“That is because the Hadley cells, which produce the band of westerly winds around 40° will expand, and move this wind pattern further North.”

It so happens that Arizona gets most of its rain from the summer monsoon which is on the southern side of the Hadley Cell. August is the wettest (=least dry) month in Phoenix.

“August is the wettest (=least dry) month in Phoenix.”
Just. The weather data is here. 110 of the annual 204 mm fall Nov-March.


It may be a totally different story in other areas nearby.
In Summer, there are thunderstorms over the mountains around there nearly every afternoon.

Michael Jankowski

So let’s summarize…

-Trenberth doesn’t say AZ will get wetter or have more intense storm events
-Singer is a hydrologist and knows what he’s talking about but is surprised to find this part of AZ has gotten wetter (as opposed to what Trenberth claims should happen) and has less intense storm events (apparently showing a poor understanding of what Trenberth claims should happen)
-even though Singer/data and Trenberth come to opposite conclusions for this study area, they agree
-if you still see that Trenberth and Singer/data disagree, then you have to realize that this study area is a tiny one and simply an exception
-hydrologists are not climate scientists, even though Singer claims one of his research subjects is climate change, one of his areas of expertise is climate, climate impacts on hydrology are well-covered by the IPCC, and hydrology has an immense impact on climate


Modern climate science, and those that purport to practice it ( and whom apparently needs lots more practice), is not given to being tied down by any need for consistency or even sticking to one story for long…except for two items: CO2 is bad, and all change is our fault and catastrophically horrible.

John Bell

It is always what ever is worse for the area, more rain, less rain, hotter, colder, more snow, less snow, they have morbid imaginations.


The banal conclusion is that every change happensand all change is bad in the mind of climate conservatives which traditionally are called ‘progressives’ even when they’re not.

Curious George

Progressives oppose any change other than the one they fight for.

michael hart

And the change they oppose the most is changing their minds, at least for the better. It is always worse.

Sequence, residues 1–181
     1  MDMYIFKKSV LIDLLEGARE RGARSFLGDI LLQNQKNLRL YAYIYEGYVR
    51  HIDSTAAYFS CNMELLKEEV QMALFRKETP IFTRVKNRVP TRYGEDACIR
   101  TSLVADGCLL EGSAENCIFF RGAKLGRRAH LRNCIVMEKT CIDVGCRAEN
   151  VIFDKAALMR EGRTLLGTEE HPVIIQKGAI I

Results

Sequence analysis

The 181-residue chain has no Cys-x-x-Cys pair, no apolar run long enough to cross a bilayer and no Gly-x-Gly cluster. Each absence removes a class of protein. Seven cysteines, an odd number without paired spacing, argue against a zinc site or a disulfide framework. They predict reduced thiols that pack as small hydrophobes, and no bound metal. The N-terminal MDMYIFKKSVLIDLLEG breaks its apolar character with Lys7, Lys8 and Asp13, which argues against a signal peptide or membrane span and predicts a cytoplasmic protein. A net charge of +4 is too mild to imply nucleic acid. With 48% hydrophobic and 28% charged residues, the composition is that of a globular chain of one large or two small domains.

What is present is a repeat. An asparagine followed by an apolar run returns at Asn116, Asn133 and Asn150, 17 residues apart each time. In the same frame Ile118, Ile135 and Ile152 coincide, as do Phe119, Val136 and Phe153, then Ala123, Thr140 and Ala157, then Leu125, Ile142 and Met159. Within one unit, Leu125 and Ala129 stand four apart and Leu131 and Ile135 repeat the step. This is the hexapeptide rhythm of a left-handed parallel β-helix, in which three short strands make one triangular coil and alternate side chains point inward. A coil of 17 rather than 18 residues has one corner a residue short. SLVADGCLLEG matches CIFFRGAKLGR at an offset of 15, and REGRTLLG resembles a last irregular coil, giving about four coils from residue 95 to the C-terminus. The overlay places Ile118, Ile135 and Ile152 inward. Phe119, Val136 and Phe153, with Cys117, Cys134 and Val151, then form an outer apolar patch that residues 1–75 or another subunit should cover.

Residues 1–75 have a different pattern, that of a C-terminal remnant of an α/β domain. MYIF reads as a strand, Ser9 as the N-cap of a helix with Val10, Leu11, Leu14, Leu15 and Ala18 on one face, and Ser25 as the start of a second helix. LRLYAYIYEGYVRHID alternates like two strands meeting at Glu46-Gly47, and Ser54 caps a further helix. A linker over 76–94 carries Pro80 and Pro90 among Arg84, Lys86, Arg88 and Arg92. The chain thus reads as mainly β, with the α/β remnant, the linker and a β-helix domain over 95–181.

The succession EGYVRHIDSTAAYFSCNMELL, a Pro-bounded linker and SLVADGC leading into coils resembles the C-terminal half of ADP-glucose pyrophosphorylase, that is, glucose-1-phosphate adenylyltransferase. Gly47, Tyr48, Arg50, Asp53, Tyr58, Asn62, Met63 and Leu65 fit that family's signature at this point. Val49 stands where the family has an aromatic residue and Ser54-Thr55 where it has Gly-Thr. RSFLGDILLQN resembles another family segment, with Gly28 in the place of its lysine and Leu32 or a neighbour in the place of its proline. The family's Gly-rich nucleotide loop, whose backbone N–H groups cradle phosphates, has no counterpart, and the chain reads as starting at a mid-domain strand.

Angel Gabriel: “Good news, Debbie. The earth has been restored to perfection and you can live in everlasting joy.”
Debbie Downer, the Carbon Sinner: “We’re really going to have to pay for all of this happiness someday.”


Sad Trombone: “Wah wah”

Nigel S

My mother told me that in her youth in Yorkshire the standard response to “what a beautiful day!” was “we shall pay for it later!”. A mindset brilliantly captured by Monty Python.


Before the coming of the Great Satan, humanity, earth was static and unchanging. Therefore every change is bad, because Earth was perfect before.

I’m looking forward to reading how terrible for earth’s myriad ecosystems that topical cyclones have declined in number. And intensity.


Well, technically, from a Biblical viewpoint, that is correct. Until Satan showed up, we were in the Garden of Eden. Oh, wait, you meant “the Great Satan” as in human beings…….


If its from “climate models”

The chances of this “prediction” being correct are less than the toss of a coin.

Eric Simpson

More frequent less intense rain is a problem.

And so is less frequent more intense rainfall. And drought. And abnormally extended periods of just totally normal amounts of rain. A joke.
comment image


A poor mans Tim Flannery.

Pat McAdoo


And we need to campaign to get back to using “global warming” versus all the climate stuff.

I see nothing wrong with this group of posters using anecdotal data from real world gardening/ranching/fishing/hunting experiences gathered over a half a century or more. After all, it was observed phenomena and not produced by a model. Granted, the sample size is small, and there may be biases as we see from the warmists, but what the hell.


Bruce Cobb

No matter what happens, we’re doomed. Because climate change.


Want to get published? Just mention Climate Change in whatever you’re writing.


Obviously Michael Singer doesn’t live in Melbourne.